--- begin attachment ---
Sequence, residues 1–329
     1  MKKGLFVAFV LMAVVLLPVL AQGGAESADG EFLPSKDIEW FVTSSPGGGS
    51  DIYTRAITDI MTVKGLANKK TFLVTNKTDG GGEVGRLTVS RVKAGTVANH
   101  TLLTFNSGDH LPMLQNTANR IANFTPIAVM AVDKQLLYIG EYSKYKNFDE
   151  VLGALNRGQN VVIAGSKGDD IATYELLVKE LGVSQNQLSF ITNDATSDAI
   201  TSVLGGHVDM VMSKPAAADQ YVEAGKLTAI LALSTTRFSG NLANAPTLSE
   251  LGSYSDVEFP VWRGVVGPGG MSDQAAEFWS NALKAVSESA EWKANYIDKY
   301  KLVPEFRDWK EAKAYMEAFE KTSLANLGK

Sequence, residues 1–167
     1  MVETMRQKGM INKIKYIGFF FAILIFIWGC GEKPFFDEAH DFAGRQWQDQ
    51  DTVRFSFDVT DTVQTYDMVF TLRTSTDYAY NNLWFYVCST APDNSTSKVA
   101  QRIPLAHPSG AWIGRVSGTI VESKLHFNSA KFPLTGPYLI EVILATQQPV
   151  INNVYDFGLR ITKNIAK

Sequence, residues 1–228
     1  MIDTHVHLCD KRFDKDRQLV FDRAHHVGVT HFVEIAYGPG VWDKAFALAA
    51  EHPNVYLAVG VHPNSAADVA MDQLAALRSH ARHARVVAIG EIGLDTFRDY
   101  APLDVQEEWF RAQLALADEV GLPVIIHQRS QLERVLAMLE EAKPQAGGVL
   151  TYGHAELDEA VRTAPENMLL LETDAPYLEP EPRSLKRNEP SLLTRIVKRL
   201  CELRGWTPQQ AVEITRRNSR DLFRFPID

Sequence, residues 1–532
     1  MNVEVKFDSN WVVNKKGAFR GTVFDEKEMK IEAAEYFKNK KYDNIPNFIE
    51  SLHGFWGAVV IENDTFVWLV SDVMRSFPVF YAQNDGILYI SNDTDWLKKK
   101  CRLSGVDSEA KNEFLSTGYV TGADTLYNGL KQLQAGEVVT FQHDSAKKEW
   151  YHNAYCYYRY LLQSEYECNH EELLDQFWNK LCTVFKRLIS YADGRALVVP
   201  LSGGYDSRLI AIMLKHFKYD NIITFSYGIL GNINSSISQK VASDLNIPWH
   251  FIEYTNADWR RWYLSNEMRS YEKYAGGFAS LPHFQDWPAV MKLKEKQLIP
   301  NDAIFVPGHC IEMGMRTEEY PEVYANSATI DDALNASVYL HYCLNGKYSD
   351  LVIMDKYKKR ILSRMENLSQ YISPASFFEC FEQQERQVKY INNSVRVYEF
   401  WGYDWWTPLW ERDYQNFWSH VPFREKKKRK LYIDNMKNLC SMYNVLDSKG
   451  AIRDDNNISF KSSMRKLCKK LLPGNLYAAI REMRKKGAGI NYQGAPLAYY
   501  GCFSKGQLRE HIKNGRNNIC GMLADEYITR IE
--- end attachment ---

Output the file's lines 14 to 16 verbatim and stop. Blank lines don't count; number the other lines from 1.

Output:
Sequence, residues 1–228
     1  MIDTHVHLCD KRFDKDRQLV FDRAHHVGVT HFVEIAYGPG VWDKAFALAA
    51  EHPNVYLAVG VHPNSAADVA MDQLAALRSH ARHARVVAIG EIGLDTFRDY